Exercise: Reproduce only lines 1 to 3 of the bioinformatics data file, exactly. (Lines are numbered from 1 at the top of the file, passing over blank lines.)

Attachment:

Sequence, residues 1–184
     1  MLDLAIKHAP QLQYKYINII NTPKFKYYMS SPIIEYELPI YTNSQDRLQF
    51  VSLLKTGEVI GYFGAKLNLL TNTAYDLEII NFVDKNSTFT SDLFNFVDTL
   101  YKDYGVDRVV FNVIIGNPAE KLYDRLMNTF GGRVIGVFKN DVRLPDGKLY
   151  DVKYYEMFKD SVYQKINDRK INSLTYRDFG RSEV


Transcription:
Sequence, residues 1–184
     1  MLDLAIKHAP QLQYKYINII NTPKFKYYMS SPIIEYELPI YTNSQDRLQF
    51  VSLLKTGEVI GYFGAKLNLL TNTAYDLEII NFVDKNSTFT SDLFNFVDTL